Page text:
Pool Heaters


Pool heaters are used to heat water in swimming pools as well as permanent (e.g., in-ground) spas and hot tubs. Pool heaters include both electric and gas-fired products.


The current standards for pool heaters took effect in 2019. The standards apply to gas-fired pool heaters only and require a minimum thermal efficiency (TE) of 82%.

DOE finalized new pool heater standards in 2023, which require compliance starting May 30, 2028. The new standards set the first efficiency requirements for electric pool heaters and effectively require the use of efficient electric heat pump technology. For gas pool heaters, the new standards are based on a minimum TE of 84%, still permitting non-condensing technology. The new standards for both electric and gas pool heaters are based on a new metric, integrated thermal efficiency (TEI), which incorporates standby and off mode energy consumption.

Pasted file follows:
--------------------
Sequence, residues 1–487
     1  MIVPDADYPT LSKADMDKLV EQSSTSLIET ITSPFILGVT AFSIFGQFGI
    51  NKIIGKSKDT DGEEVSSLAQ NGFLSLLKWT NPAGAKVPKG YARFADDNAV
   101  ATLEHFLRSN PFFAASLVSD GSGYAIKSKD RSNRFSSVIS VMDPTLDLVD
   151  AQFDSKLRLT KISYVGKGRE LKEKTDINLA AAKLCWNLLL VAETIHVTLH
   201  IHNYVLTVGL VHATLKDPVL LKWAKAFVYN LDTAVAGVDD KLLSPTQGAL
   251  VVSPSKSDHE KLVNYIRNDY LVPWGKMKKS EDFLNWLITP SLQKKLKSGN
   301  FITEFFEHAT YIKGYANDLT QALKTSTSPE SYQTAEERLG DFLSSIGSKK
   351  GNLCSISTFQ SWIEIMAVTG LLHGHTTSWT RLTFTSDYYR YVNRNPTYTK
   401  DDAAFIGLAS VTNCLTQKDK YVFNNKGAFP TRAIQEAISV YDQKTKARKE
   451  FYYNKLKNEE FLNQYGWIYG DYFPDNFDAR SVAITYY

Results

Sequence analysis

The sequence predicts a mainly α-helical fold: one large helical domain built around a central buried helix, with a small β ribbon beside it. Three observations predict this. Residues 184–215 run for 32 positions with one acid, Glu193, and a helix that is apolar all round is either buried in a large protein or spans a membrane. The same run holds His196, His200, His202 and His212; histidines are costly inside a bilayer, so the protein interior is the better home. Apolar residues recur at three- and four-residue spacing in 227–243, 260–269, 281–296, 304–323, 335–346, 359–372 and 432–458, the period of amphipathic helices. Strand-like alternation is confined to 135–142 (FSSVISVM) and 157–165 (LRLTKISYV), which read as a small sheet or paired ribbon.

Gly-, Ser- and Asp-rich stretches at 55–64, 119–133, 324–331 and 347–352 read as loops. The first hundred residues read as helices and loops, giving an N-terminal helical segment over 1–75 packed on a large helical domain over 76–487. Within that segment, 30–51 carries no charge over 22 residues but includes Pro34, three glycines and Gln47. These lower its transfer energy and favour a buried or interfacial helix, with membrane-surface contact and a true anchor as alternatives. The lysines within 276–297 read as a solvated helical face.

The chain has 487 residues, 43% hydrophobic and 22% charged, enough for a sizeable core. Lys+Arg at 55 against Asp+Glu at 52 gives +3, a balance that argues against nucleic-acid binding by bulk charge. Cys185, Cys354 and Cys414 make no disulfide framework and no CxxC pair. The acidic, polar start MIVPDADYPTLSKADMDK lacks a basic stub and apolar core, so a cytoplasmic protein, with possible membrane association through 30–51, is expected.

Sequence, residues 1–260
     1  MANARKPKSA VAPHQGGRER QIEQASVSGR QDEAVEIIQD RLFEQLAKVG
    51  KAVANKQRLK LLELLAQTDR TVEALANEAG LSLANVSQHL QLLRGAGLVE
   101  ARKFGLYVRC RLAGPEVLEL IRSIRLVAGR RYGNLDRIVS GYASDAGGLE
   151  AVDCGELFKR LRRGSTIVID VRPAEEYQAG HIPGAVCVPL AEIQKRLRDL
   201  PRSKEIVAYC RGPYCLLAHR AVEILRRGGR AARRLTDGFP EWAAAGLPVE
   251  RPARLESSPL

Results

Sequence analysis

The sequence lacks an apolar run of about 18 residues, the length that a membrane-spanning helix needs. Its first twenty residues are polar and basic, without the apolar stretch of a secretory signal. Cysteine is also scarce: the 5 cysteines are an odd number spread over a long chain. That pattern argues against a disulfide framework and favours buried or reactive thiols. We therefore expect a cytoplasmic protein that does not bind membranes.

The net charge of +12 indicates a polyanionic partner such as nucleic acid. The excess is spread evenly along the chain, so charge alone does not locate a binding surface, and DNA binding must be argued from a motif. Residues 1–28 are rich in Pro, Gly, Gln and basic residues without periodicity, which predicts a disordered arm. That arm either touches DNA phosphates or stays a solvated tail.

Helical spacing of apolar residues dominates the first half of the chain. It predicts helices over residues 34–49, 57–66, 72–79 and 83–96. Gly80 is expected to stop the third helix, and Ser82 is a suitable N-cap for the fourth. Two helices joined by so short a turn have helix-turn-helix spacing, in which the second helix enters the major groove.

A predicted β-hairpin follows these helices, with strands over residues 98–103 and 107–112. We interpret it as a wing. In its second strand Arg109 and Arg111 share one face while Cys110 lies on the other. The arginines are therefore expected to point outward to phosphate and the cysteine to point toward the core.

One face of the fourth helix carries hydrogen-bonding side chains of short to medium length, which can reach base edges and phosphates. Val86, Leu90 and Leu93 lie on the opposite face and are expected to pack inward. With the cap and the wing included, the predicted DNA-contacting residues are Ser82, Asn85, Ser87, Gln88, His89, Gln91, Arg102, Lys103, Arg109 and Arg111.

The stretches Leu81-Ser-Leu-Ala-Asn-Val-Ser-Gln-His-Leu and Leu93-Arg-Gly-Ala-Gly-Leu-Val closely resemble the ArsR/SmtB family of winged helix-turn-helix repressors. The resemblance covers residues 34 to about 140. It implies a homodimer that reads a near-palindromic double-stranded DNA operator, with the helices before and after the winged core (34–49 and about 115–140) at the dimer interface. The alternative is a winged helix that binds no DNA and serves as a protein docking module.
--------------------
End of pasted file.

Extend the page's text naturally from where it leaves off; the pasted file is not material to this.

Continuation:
Pool heaters use energy both directly through the energy used to heat the water as well as indirectly by adding friction to the pool pumping system. Most electric pool heaters are heat pumps, which use a refrigerant system to transfer heat from the air to the pool water, though some electric pool heaters still use electric resistance heating elements. Electric resistance pool heaters can use more than five times as much energy as heat pump pool heaters.

Savings through what year?: 2043
Energy saved (quads): 0.02
CO2 savings (million metric tons): 0.8


Federal Date States
Potential Effective Date of Updated Standard 2021
Updated DOE Standard Due 2018
2nd Federal Standard Effective 2013
Test Procedure - Last Revised - Standby/Off Mode 2012
2nd Federal Standard Adopted (DOE) 2010
1st Federal Standard Effective 1990
1st Federal Standard Adopted (Congress) 1987
NAECA Initial Federal Legislation Enacted 1987

Timeline reflects state standards from 2001 to present; federal standards from inception to present.